Real love stories are better

By DANA LIPSEY COLUMNIST,

If you read the date on this morning’s paper, you will know it is officially the day set aside for LOVE.

It is a day when refrigerated flowers bloom upon desk tops, strawberries skinny-dip in chocolate, and shiny-faced cards mushily roll rhyming sentiments from the hearts of red envelopes.  Restaurant workers dot their i’s and cross their t’s in reservation books, and Cupid flaps his wings in a flurry of perfume scented arrows. Valentine’s Day is a time when we give thanks to that significant other to whom we feel invisibly linked. We give something of ourselves to them, and in turn, we expect to receive something back. Sometimes we get this day right, other times, not so much.

My husband of 28 years has always been, for the most part, a really thoughtful gift giver. A few years ago though, he hit it out of the park. He put me in the car, bought me a chia latte, and then took me to a very old cemetery in the town where I grew-up.

Weird?

Probably.

It is especially weird to those people who are non-cemetery enthusiasts.

To them, I would imagine, it is kind of morbid.

To me, cemeteries are paths to lightly tread from one fascinating lifetime to another. They are intimate and quiet, and I could spend hours in these beautiful places.

This particular cemetery is in Greenville, and it is the resting place for the weary bones of both sets of my grandparents. The melancholic emotions I get standing near their graves are sometimes overwhelming.

So why did my husband pick such a place to take me on a day designed for romance, and why did it mean so much to me?

Because, as I looked around, there were love stories everywhere! You could feel them. You could almost hear them crying out from stones, saying, "I was here, I existed, I loved!"

I heard this as I crouched down to touch the names of my father's parents. The love they felt for each other was written there.

My paternal grandparents were married for over 65 years. They never had much money.  He was a share-cropper during the biggest part of my father's childhood. 

They lived from tenant house to tenant house, newspapers covering the walls for warmth.  In the winter, each morning, my "Papaw" would spring from the bed in his long-johns to start the wood stove for my "Mamaw.” He would then turn on his heels and jump back under the covers next to her, his teeth chattering so loudly that my daddy can remember the sound.

Together they raised six children, two served in WWII.  My Papaw liked to play cards, my Mamaw made lumpy mashed potatoes.

He chewed tobacco, she dipped snuff, and for as long as I knew them they shared a coffee can to spit in. They were ever in love and I knew it.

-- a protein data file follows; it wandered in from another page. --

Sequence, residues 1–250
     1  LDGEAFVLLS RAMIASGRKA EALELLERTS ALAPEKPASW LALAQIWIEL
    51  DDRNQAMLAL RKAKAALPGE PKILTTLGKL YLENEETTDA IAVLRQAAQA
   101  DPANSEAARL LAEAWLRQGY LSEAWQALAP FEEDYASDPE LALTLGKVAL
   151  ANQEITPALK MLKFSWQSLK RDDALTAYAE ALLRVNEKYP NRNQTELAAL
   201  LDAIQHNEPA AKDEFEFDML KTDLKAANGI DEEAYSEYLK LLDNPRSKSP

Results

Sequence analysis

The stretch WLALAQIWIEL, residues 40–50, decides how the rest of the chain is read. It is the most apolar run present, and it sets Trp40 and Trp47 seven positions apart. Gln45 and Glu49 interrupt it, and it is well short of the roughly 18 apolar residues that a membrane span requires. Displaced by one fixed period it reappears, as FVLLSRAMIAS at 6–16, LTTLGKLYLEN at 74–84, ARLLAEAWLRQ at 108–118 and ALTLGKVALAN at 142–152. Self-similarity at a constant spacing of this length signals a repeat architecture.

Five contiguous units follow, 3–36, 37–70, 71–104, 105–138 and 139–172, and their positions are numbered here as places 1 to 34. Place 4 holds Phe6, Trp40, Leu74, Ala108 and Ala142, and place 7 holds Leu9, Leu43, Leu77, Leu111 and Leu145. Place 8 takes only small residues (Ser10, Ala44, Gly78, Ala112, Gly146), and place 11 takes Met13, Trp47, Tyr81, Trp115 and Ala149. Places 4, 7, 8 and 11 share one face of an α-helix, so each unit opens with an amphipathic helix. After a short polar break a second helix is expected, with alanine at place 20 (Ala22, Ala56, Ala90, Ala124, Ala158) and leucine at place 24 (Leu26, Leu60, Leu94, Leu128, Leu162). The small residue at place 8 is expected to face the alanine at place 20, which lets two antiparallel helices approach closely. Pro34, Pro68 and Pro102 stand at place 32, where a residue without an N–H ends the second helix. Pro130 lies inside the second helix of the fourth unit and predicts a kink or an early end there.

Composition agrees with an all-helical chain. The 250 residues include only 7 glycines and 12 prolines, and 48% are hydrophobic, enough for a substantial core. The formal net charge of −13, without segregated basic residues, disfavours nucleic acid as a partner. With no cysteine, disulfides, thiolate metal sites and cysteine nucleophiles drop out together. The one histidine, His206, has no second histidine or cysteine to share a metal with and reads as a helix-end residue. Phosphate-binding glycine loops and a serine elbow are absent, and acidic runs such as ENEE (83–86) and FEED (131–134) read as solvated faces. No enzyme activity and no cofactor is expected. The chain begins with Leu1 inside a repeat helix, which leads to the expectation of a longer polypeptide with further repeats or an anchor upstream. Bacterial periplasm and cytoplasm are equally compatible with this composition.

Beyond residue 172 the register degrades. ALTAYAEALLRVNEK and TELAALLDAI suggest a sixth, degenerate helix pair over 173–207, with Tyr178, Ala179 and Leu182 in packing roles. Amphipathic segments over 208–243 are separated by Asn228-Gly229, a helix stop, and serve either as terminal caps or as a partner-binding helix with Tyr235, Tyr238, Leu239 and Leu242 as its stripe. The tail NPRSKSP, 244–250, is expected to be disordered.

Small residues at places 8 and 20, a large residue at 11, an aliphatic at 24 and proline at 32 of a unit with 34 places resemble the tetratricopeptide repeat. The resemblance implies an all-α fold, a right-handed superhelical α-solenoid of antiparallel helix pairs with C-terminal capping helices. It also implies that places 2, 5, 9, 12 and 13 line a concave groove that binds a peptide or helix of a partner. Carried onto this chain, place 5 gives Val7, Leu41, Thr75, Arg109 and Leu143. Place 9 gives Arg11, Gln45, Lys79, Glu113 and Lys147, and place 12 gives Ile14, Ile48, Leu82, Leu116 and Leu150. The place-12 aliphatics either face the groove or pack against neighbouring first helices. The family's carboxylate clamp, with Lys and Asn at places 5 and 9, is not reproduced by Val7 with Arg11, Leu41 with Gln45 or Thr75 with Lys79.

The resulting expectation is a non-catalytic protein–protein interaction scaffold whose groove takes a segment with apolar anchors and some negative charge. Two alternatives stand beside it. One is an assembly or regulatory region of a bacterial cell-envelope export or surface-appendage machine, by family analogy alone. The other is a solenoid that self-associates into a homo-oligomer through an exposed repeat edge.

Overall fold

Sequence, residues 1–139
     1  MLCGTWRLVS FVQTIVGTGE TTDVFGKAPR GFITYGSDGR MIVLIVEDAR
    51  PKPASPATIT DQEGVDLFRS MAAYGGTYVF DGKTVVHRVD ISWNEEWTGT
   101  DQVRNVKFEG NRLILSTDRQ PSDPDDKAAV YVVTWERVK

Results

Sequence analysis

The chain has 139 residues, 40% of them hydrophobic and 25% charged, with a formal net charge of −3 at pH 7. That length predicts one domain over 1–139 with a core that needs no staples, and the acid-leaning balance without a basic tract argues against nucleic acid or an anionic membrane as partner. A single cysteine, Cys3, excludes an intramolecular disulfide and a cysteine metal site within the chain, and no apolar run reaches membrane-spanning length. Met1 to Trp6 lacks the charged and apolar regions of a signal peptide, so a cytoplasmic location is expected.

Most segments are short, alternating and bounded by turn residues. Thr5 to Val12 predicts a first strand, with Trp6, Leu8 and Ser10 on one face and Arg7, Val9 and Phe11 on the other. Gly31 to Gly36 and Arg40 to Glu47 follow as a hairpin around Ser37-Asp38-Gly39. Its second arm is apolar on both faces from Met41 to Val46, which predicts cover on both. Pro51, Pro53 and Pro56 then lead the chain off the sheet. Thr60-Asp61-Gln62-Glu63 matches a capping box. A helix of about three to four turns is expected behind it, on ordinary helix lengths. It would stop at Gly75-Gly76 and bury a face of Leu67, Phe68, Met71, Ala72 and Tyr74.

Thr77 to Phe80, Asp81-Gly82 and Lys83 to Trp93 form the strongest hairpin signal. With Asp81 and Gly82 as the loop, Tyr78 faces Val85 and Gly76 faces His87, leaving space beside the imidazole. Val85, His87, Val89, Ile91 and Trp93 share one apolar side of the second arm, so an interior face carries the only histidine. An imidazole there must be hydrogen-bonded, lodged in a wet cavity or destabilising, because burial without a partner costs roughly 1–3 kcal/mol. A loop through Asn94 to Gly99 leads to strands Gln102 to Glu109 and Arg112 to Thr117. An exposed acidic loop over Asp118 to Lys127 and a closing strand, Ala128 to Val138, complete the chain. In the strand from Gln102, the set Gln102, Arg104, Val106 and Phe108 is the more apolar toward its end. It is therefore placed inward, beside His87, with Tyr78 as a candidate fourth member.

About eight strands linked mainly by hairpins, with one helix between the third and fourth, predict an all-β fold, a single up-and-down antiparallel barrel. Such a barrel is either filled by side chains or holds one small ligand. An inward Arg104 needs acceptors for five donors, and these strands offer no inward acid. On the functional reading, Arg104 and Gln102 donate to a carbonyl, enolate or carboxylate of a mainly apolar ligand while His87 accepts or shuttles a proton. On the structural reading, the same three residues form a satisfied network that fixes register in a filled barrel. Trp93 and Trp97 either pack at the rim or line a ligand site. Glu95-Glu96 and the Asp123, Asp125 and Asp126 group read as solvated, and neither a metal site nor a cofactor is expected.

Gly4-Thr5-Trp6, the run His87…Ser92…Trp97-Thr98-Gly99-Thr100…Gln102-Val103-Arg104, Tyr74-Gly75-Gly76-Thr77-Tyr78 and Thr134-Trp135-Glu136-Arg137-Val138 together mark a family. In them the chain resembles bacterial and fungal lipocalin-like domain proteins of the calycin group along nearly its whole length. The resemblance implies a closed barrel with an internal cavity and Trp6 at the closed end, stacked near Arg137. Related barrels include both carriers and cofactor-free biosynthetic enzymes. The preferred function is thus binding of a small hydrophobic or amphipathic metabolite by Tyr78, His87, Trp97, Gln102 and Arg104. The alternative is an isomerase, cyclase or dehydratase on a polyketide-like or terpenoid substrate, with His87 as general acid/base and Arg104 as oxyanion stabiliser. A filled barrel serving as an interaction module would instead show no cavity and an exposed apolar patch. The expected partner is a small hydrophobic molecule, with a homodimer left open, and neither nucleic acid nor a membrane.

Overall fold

While visiting their house once, my father tapped on their bedroom door early one morning. He peeked inside and saw them fast asleep, my papaw with his arm tucked around my mamaw and her head resting on his chest, they were in their eighties at the time. My daddy told us about it on the drive home. He was so moved that he wept.

As my Mamaw grew older, she had issues with her heart. Twice, while in a hospital, her heart stopped beating altogether. Twice, a medical staff was able to bring her back to life. Both times she said she could feel herself just floating away and she was at peace, but then she would remember my Papaw.

The first thing she said to her children each time she woke up from these experiences was, "I’m okay, I can't go yet. I have to take care of your father."

And, she did. 

Later, they would share a room in a nursing home in what would be their final months and the first time they would ever sleep in separate beds.

The last mental picture I have of them is her feeding him soup. She stuck the spoon in his mouth, he made a terrible face, blue eyes watering and shouted, "Damn baby, that soup is too hot!"

It was lovely.

My Papaw died a few weeks later on February 15. They had one last Valentine's Day together. True to her word, she took care of him. She died less than three weeks later.  It was, as many nurses said, like she was just ready to go.

I don't know what comes after this world.  I know the Sunday school answer. I know Christ. I know there is something, but I don't know the certainty of how things are set up.  I only know that while we are here we love. We love desperately, and casually.  We sometimes take love for granted, and make it complicated. We are sometimes too prideful in our love, we are hard-headed in our love, and we sometimes throw it away.  But, we keep on craving it as if it were maybe the whole reason we were created.

We might think love needs to be tied up in grandiose events. It doesn’t. Real love stories are found in things that are simple. Things like the lighting of wood stoves, and in lumpy mashed potatoes, and in the feeding of soup, and in a husband who would sacrifice his afternoon to take his odd wife to a cemetery and hold her hand while she walked among the dead.

I would like to believe that no matter what comes next, the One who created Love, the One who is called Love, will allow me to hold on to this man’s hand somehow, forever.

Happy Valentine's Day❤️

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